Sunflowers : Twilight Time

The sunflowers now are in the equivalent of their their twilight years, past their bright yellow prime, all rather brown and withered, heads bowed towards the earth – it won’t be long before we are looking at a freshly ploughed field. Time to capture some final shots, and it seems sunset is the best time.

I now realise that sunflowers point permanently in the same direction all day long – namely to the East. The buds are heliotropic (a bit like me) and at the end of the bud stage all plants are polarized to face in the one direction.

The plants remain in the fields long after the beautiful yellow petals have shrivelled and died. The sunflower however is now busy sorting out its seeds, which considering that it is a commercial crop, is actually the reason for its existence, its raison d’etre.

The seeds will go on to be used to produce sunflower oil, to be used in cooking, as a carrier oil and to produce margarine and biodiesel. The cake remaining after the seeds have been processed for oil is used as a livestock feed.

These mature flowers have droopy heads, looking at the ground, which adds to their forlorn appearance – but this reduces bird damage and losses due to certain diseases.

Its now early October and ‘our’ sunflowers are still there – but most of their compatriots have been gathered up and no doubt squashed and the oil extracted. I suspect Denys the farmer will be along soon with his noisy, ancient combine harvester to do the same.

UPDATE : the farmer has just been and harvested the sunflowers…

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A Big Thank You to the Sunflowers

The sunflowers this summer have been quite magnificent, and the house has been surrounded on three sides by their sunny, cheerful faces. This years are even more special because of the added dimension of suspecting that they could possibly be providing the raw materials for our first honey.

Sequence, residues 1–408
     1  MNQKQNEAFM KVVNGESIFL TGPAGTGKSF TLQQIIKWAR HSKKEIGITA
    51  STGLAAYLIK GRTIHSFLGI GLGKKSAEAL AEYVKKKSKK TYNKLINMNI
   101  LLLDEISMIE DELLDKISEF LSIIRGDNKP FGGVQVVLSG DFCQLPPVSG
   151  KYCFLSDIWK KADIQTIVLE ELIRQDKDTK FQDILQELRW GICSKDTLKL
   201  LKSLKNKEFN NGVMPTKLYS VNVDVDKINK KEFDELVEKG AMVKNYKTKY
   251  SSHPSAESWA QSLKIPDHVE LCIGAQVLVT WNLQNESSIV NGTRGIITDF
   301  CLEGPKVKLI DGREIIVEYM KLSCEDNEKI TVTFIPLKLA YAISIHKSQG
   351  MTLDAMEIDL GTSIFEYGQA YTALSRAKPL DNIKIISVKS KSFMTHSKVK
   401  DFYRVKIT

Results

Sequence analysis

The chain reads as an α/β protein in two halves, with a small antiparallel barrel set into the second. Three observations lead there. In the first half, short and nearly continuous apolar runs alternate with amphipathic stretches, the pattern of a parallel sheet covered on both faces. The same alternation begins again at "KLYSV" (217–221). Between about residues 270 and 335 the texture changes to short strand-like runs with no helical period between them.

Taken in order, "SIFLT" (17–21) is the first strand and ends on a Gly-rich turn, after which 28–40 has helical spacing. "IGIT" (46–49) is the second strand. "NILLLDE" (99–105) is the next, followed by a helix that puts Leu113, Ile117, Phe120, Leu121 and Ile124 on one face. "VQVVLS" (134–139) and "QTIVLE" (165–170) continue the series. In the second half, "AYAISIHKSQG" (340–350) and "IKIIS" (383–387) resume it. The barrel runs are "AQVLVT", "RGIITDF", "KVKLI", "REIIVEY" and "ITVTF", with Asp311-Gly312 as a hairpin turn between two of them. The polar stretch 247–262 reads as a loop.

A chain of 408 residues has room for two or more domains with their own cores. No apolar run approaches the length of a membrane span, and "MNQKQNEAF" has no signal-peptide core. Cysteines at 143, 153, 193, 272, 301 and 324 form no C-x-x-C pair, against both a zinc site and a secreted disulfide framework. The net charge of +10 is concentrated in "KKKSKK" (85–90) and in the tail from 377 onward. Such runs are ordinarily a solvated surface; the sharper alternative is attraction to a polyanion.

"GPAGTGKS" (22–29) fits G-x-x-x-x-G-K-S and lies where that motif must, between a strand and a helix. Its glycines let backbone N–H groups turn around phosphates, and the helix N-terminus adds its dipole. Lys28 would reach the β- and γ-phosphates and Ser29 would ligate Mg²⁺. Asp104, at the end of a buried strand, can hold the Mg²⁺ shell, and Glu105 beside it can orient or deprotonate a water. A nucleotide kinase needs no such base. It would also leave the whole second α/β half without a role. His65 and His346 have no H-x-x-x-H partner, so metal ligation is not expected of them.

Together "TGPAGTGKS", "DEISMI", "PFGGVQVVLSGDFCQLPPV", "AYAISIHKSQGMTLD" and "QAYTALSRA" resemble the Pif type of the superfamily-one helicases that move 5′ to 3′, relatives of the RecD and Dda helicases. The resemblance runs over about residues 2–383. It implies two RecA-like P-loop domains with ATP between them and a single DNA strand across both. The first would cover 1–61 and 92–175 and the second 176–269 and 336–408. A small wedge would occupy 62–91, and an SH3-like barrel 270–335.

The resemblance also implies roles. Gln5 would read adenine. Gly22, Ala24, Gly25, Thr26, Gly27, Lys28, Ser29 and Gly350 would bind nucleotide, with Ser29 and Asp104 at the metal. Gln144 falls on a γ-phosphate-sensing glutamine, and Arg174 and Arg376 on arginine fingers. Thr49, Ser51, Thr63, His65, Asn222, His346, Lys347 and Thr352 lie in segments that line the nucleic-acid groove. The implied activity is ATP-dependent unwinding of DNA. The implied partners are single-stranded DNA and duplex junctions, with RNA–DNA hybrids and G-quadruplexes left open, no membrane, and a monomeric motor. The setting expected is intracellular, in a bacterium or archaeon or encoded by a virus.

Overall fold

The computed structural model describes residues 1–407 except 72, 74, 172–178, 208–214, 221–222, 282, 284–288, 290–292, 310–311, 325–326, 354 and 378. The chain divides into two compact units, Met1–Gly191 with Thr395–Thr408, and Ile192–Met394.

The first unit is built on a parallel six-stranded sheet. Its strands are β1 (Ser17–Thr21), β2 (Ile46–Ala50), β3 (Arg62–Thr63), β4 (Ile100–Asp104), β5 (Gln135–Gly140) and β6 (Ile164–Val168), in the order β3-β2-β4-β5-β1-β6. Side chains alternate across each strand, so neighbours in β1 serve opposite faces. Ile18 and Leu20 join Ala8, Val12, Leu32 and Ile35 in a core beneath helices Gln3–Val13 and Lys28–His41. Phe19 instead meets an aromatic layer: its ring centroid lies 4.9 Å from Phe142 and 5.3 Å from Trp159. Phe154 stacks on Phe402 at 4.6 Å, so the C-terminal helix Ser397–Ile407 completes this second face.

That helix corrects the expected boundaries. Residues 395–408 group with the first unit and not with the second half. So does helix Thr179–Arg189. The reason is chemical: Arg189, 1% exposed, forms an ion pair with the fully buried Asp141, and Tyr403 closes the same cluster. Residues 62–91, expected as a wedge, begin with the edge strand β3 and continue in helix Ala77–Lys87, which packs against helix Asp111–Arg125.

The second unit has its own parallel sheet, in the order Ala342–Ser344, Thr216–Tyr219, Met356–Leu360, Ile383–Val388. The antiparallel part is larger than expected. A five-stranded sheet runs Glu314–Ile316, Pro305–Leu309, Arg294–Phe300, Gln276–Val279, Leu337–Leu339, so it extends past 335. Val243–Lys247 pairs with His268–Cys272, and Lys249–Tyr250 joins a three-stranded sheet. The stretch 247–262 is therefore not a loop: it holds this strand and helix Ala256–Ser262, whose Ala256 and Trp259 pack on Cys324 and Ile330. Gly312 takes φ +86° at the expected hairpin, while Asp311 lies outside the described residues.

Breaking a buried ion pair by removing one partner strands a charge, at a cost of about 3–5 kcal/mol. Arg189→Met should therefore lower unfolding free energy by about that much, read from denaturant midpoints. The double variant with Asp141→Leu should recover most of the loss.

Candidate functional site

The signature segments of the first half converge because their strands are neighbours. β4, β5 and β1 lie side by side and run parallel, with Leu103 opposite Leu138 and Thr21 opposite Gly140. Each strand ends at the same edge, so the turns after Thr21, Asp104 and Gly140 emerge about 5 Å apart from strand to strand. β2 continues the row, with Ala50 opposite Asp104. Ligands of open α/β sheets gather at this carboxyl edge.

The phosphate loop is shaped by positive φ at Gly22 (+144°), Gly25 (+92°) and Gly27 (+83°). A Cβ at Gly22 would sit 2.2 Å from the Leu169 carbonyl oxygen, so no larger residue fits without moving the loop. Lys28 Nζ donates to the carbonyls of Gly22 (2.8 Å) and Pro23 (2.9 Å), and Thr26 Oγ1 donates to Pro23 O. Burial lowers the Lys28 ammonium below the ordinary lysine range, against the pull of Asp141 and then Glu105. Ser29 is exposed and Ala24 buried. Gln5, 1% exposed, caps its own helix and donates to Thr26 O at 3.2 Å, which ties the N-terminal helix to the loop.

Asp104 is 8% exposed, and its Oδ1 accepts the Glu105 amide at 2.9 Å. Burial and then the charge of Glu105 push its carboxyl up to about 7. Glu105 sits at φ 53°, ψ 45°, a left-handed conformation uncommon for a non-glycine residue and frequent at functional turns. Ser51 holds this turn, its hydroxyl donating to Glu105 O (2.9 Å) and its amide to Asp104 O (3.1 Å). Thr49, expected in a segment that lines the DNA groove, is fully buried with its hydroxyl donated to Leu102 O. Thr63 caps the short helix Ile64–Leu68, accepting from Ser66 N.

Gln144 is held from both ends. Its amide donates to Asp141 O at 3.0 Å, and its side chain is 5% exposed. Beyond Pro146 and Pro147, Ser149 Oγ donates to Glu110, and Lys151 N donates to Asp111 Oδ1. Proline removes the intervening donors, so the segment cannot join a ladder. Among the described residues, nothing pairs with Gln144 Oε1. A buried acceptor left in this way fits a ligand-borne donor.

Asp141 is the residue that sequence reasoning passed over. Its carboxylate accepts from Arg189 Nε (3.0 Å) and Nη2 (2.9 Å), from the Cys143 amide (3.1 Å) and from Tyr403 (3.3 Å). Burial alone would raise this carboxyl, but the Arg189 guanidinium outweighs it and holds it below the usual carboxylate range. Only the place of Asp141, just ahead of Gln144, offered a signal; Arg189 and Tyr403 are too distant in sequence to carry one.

At their peak, each flower had perhaps 2 or even 3 bees working away collecting pollen / nectar.

I think we can be fairly certain that the honey that we did harvest comes virtually exclusively from the sunflowers. In other words, its a monofloral honey. I like to think that the bright yellow colour backs this theory up. The honey is now starting to crystallise- so whereas the honey initially was clear and reasonably fluid, it is now more opaque and much thicker and creamy – but equally delicious.

I have read that honeybees collect mostly nectar from sunflowers, whilst wild bees collect the pollen. Honeybees however cannot avoid picking up pollen – and will transfer it from flower to flower. Sunflowers rarely self-pollinate, and scientific research shows that pollinated sunflowers have a higher seed yield. A nicely balanced partnership.

The sunflower head is made up of individual florets, which start to open from the outside in. In the image below, there are five or six rings of florets which have opened – and will continue to open at the rate of two or three rings per day. On the day I took this image, all the bees were to be found just in this inner rim of the sunflowers. Each floret will mature into a sunflower seed.

flowers within the flower

So, a big thank you this year to the sunflowers – not only for their aesthetic perfection, their colour and cheer – but also the 30 odd jars of super honey. I must go and deliver a big pot to the farmer who planted the sunflowers, although I’m not sure if he should be thanking us (and the bees) as well – I wonder if the seed output has increased.

they can even be used for floral displays